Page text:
Eco-Labeling and Market Equilibria with Noisy Certification TestsEnvironmental and Resource Economics (2011)
An intriguing alternative to traditional methods for regulating externalities is the provision of information about firms’ environmental attributes. An increasingly important example of this approach is “eco-labeling,” where a third party certifies firms’ products. Such schemes are currently used in a variety of countries. This paper investigates the equilibria that may occur with eco-labeling, and the attendant welfare effects. I model certification as a noisy test, subject to both type I and type II errors, but where green firms more likely to pass than brown firms. While it commonly leads to an increase in the fraction of green units in the market, the introduction of an eco-label can either increase or decrease welfare.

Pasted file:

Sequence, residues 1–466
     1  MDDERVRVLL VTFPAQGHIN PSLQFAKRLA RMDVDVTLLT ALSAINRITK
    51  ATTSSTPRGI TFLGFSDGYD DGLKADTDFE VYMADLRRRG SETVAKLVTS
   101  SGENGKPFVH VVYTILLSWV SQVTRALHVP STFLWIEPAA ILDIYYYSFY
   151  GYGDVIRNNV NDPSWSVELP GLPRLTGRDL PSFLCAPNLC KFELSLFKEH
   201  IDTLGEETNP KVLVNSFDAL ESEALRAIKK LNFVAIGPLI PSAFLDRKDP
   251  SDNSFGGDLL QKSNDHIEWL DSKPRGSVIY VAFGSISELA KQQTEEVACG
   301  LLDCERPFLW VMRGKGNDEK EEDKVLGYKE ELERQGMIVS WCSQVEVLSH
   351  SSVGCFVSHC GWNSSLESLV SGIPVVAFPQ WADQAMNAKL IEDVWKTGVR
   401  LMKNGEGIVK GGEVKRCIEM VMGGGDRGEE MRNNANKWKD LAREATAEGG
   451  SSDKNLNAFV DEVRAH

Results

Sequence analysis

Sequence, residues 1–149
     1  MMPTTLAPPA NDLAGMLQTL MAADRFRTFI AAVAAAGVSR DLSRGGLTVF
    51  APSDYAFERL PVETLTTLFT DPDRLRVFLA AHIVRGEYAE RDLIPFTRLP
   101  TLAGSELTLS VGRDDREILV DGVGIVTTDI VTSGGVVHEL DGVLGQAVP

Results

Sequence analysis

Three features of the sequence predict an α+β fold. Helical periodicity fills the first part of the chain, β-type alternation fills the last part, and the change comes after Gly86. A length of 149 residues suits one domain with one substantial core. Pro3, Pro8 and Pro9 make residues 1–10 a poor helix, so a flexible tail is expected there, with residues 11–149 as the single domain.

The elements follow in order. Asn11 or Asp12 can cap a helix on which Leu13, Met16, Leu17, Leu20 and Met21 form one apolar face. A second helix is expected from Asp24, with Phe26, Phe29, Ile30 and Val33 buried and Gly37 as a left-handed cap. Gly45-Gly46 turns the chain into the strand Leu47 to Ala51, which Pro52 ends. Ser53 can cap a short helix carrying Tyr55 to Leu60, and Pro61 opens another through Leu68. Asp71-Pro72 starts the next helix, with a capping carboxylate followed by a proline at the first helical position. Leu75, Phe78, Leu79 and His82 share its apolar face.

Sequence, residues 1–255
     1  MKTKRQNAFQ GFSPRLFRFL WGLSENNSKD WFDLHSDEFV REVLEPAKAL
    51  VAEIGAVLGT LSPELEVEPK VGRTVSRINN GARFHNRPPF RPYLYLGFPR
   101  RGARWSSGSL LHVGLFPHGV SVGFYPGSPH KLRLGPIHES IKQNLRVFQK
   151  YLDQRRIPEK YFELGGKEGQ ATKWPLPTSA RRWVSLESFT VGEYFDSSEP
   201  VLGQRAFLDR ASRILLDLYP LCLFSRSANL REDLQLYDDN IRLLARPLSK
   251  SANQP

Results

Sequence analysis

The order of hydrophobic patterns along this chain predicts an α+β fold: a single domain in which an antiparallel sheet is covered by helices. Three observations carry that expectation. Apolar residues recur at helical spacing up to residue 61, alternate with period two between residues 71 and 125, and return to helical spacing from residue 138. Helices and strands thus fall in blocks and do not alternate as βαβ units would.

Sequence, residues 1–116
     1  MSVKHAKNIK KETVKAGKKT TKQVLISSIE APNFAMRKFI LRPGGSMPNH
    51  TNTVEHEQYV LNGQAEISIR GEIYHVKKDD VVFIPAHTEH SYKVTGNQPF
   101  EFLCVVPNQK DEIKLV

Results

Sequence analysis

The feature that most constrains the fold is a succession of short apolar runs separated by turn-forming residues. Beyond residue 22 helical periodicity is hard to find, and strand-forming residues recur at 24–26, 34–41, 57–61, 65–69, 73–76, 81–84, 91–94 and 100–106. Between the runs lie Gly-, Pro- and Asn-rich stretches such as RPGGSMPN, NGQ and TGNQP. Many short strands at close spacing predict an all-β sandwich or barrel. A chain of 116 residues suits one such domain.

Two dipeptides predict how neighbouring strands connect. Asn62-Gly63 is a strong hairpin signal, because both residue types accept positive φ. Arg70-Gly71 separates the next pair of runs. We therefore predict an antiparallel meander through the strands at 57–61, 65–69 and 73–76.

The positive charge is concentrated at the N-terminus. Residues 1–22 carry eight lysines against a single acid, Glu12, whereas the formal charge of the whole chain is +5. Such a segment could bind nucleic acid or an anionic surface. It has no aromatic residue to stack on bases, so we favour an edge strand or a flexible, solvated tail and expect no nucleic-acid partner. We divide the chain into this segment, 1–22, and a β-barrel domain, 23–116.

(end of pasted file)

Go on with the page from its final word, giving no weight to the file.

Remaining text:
- Asymmetric information,
- Environmental economics,
Citation InformationCharles F Mason. "Eco-Labeling and Market Equilibria with Noisy Certification Tests" Environmental and Resource Economics Vol. 48 (2011)
Available at: http://works.bepress.com/charles_mason/13/